It is a complete skeleton of a long-extinct Dodo bird. Scientists claim to have found it. Then no humans lived there. The Dodo then used to romp Mauritius, where they were native to. It was in 1663, when the last sighting of a live bird was recorded.
The bones of the bird were found on a sugar cane plantation on the island of Mauritius off the east coast of Madagascar, by an international team of researchers. Including bones from 20 Dodo birds and chicks, 700 bones are found there. They have presented their findings at the National Museum of Natural History in the Dutch city of Leiden.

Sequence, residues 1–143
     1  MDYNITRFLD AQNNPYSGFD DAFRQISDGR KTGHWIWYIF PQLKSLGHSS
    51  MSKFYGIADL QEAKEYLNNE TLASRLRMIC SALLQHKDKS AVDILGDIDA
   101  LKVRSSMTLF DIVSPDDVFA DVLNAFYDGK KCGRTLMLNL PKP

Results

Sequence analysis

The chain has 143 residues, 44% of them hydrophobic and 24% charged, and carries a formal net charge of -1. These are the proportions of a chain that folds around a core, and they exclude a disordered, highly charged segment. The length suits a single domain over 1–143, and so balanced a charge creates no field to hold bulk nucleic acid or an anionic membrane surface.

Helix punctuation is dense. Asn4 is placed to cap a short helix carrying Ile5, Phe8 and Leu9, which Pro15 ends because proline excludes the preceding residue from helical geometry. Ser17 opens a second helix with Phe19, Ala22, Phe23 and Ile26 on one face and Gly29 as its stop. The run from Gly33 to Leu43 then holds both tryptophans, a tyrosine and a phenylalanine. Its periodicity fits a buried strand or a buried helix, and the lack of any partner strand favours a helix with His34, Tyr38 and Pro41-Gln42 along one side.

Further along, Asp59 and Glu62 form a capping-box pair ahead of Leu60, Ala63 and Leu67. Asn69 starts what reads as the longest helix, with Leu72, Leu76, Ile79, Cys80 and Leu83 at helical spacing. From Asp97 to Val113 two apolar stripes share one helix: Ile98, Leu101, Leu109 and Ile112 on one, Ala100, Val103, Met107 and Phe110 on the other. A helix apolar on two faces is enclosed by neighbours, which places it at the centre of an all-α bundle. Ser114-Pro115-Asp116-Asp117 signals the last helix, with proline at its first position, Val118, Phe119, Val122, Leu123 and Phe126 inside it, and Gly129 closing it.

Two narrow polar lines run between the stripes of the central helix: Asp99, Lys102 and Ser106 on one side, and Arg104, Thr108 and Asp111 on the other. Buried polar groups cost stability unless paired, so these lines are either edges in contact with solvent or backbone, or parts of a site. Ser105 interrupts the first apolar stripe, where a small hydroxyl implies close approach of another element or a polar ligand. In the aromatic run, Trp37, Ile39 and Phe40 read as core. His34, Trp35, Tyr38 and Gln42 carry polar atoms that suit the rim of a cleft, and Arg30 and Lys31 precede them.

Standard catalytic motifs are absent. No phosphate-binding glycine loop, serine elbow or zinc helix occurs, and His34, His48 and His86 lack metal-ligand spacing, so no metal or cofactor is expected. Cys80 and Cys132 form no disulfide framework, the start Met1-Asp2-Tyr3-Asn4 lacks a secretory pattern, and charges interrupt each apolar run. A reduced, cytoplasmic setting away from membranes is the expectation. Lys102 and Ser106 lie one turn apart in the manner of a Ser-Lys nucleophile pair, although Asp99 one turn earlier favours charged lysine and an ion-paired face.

This is claimed to be the first time that a complete skeleton of a single Dodo bird have been retrieved from an archaeological site in Mauritius. Leaving only partial skeletons and drawings of the bird, the last known stuffed bird was destroyed in a 1755 fire at a museum in Oxford, England.
Estimated to be 2,000 to 3,000-years-old, better samples could be retrieved from the latest find, believing that there are many more at the site. The Dodo can be better placed in relation to other species, after retrieving the DNA materials.